AURORA | The Aurora Police Department officer who shot and killed 14-year-old Jor’Dell Richardson during a June 1 arrest was a defendant in a lawsuit alleging that he and two other officers racially profiled two Black Aurorans during a 2018 search.
The city settled the lawsuit for $100,000 in February.
The lawsuit was not mentioned at an APD press conference Friday, where Interim Police Chief Art Acevedo said that neither of the officers involved in Richardson’s death had a record of “significant” use-of-force incidents or disciplinary histories.
Officers Roch Gruszeczka and James Snapp took Richardson into custody, with Gruszeczka firing the single shot that killed him. Both officers were hired in 2017 and are currently serving on the department’s gang intervention unit.
In a complaint filed in 2020 in U.S. District Court in Colorado, lawyers for plaintiff Tevon Thomas allege that the City of Aurora and APD officers Cruszecka, Jonathan Fullam and Cassie Longnecker violated Thomas’ Fourth Amendment rights against unlawful search and seizure.
On Nov. 10, 2018 at about 3 a.m., a female friend gave Thomas a ride home to the apartment complex in Aurora where he lived with his mother, according to the complaint. The two, who are both Black, were having a conversation and continued to talk in the friend’s parked car once they arrived.
Around 4 a.m. another resident returning home from work called 911 and asked officers to escort her to the building out of an abundance of caution because there was a parked car running outside. The three officers responded, and after walking her inside, parked their police car behind the vehicle and began questioning the pair about where they lived.
“When Mr. Thomas began to answer, ‘my mother stays—’ he was interrupted by Defendant Gruszeczka, who demanded to know ‘honestly, where do you guys live at?’” the complaint said.
Gruszeczka then asked about the contents of the car and if there was “anything in the car I should know about,” the complaint said. He did not articulate a reason for his suspicion, according to the complaint.
After asking for both their IDs, Gruszeczka ordered the woman out of the car for questioning and placed her in the back of the police vehicle, the complaint said. He and the other officers then ordered Thomas out of the vehicle, and after seeing the handle of a pistol in his pocket, drew their guns and ordered him to lie down on the ground. He complied, and the officers handcuffed, searched and arrested him.
The complaint argued that the officers did not have any justification to search the car because neither Thomas nor his friend had been doing anything illegal at the time, and that the search was another example of Aurora’s “longstanding, persistent and widespread custom of illegally seizing Black people.”
“Rank-and-file members of the APD regularly escalate their interactions with Black people into unreasonable seizures without any basis for suspecting them of criminality or of being a threat to themselves or others,” the complaint said. “In conjunction, APD officers regularly use race and race-based animus as motivating factors in police decisions and actions.”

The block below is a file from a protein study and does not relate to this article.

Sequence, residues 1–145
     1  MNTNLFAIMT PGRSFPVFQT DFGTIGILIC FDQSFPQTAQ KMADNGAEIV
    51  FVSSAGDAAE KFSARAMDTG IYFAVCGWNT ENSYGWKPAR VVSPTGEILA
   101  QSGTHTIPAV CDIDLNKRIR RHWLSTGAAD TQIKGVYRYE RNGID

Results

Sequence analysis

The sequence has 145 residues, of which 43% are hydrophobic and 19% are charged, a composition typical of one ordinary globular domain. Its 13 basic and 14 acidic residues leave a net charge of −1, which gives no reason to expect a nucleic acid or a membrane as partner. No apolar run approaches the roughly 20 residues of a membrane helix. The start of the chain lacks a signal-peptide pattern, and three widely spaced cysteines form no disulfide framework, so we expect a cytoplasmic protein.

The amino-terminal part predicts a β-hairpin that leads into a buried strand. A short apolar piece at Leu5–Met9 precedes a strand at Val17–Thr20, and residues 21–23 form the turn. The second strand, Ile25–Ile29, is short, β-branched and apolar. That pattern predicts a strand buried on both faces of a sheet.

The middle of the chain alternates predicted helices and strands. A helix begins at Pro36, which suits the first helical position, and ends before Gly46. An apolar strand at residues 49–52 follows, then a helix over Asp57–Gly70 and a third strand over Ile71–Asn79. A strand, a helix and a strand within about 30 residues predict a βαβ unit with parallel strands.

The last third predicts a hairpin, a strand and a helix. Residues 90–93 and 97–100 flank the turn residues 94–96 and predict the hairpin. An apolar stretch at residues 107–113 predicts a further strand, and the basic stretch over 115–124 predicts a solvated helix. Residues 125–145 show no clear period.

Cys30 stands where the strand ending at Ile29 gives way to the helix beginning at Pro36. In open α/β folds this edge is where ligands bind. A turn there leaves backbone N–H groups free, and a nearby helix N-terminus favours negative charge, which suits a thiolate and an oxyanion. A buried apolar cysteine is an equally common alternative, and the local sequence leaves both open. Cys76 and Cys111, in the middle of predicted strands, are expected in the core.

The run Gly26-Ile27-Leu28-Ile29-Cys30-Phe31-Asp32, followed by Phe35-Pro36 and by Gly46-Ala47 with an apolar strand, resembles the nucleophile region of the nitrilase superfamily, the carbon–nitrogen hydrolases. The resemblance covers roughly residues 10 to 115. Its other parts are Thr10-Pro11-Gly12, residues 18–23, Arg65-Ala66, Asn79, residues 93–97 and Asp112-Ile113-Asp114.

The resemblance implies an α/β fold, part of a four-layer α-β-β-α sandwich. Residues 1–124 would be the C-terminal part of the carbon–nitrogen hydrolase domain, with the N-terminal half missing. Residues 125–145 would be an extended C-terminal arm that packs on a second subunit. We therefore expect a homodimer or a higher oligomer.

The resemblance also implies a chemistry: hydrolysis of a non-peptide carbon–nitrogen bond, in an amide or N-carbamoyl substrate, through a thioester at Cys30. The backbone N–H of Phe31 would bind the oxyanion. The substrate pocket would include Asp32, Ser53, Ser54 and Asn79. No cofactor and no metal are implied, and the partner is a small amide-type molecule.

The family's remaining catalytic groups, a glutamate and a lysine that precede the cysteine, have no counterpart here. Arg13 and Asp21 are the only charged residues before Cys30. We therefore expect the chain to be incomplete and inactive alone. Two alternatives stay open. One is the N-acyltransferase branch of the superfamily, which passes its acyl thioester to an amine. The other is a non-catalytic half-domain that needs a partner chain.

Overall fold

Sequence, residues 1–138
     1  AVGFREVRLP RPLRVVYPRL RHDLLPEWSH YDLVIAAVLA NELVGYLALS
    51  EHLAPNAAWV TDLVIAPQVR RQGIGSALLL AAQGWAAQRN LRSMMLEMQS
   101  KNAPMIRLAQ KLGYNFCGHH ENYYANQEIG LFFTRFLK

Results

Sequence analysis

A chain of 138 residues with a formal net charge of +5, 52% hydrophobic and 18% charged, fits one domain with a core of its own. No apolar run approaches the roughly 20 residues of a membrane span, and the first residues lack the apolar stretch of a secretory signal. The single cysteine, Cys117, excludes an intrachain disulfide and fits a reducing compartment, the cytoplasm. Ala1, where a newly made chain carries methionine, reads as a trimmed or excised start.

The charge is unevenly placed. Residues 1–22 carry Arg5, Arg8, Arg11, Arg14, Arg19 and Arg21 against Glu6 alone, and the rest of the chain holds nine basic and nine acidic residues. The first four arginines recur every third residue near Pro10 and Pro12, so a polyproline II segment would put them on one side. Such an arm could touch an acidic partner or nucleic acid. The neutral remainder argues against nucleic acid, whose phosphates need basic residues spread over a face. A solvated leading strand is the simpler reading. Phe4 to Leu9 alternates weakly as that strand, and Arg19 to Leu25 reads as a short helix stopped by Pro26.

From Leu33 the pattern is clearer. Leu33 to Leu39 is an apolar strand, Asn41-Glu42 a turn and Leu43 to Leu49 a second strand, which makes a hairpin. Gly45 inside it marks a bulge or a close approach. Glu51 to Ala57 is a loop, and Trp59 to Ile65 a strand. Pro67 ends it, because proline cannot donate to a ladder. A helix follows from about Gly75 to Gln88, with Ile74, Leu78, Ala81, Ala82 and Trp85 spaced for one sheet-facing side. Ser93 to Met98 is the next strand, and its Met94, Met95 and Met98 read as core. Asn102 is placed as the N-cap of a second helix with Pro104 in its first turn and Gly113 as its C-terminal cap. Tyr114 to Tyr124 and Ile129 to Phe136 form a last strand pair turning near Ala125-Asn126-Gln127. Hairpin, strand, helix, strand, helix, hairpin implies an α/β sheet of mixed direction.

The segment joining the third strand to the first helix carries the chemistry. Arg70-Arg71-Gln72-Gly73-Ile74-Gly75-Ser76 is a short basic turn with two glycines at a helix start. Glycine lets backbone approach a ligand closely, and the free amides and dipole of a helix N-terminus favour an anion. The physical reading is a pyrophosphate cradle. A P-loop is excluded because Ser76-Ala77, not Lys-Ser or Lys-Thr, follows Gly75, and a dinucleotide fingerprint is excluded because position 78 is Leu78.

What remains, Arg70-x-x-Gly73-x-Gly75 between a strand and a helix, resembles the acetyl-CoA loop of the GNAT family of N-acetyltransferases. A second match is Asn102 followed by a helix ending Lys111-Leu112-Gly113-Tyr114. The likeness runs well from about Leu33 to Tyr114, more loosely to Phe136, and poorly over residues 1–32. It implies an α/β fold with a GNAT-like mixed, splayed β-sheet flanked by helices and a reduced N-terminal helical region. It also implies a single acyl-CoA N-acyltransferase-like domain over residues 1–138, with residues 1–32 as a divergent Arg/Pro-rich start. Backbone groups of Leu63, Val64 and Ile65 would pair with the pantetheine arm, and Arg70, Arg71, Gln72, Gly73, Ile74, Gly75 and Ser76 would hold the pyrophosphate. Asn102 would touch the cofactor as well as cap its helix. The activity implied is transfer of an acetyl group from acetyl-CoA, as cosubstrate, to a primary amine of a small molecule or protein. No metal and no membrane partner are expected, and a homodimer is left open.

Thomas was charged with unlawful possession of a firearm as a felon. In 2020 a federal judge ruled that the evidence was inadmissible in court because Thomas had been illegally searched.
A similar situation occurred in 2021 during the traffic stop of Preston Nunn, who APD officers held at gunpoint, tackled to the ground and tased. Nunn, who is Black, was initially arrested on suspicion of obstruction, resisting arrest, failure to obey a lawful order, failure to yield right of way to an emergency vehicle and possession of an open container of alcohol but no charges were ever filed. Nunn recently sued the department for what his lawyer said is another example of APD using excessive force against Black residents.
David Lane, one of the two attorneys who represented Thomas, said Tuesday that the treatment of his client was a clear example of racially biased policing.
“He was basically arrested for being Black while sitting in a parked car, and it cost Aurora $100,000,” Lane said.
Siddhartha Rathod, a lawyer representing Richardson’s family, said he believed it was hypocritical of Acevedo to specifically mention the officer’s lack of disciplinary history without also mentioning that Richardson had no previous criminal history.
“You know if he had a criminal history, they’d be going through it,” he said.
He said that the press conference, which Acevedo described as an exercise in transparency, was another example of APD selectively releasing information.
The department is under a consent decree “because of this exact type of behavior,” Rathod said.
The City of Aurora has been under a consent decree with the Colorado Attorney General’s Office since 2021 which mandates it to implement a litany of reforms intended to break a pattern of excessive force and racial bias. A “patterns and practices” investigation by the AG’s office found that APD had broken state and federal law and violated the civil rights of its residents through its policing of minorities.
The investigation, which began in August 2020 and was published about a year later, claims Aurora police use force against people of color about 2.5 times more than on their white counterparts, and local officers arrest Black residents about twice as much as whites.
Both Gruszeczka and Snapp have active certifications in Colorado’s peace officer database, according to Colorado’s Peace Officer Standards & Training website. Neither have any disciplinary records listed.
A records request from the Sentinel for both officers’ internal affairs files from APD is currently pending.